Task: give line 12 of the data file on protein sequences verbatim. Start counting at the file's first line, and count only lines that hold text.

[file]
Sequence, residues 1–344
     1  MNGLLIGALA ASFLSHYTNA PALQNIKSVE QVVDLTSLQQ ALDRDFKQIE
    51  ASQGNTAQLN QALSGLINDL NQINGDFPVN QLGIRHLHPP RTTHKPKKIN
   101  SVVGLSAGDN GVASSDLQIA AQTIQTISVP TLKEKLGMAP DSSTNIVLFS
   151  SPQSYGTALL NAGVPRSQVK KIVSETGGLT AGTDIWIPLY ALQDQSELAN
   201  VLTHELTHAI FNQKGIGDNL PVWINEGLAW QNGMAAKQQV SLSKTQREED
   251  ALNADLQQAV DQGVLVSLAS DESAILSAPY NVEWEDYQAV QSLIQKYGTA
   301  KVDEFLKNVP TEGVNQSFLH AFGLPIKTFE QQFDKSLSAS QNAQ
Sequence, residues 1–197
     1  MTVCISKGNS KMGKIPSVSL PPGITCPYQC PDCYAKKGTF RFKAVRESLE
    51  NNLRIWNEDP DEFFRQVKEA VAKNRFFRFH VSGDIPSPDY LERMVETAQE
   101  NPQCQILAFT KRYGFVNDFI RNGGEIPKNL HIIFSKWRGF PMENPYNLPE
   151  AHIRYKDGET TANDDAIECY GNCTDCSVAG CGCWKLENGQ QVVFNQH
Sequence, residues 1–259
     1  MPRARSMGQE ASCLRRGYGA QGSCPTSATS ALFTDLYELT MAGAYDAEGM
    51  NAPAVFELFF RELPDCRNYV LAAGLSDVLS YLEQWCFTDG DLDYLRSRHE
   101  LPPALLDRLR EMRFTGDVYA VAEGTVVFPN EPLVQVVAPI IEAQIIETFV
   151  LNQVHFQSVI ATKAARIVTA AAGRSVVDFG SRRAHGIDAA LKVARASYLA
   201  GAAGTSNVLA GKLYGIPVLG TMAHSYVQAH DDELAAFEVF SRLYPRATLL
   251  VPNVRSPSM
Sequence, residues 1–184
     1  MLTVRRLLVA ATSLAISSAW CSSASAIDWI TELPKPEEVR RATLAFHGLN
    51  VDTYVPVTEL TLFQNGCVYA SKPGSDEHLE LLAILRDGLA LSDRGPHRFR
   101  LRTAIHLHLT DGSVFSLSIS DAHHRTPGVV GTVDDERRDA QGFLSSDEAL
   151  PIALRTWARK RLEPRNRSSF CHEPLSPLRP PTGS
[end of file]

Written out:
   101  NPQCQILAFT KRYGFVNDFI RNGGEIPKNL HIIFSKWRGF PMENPYNLPE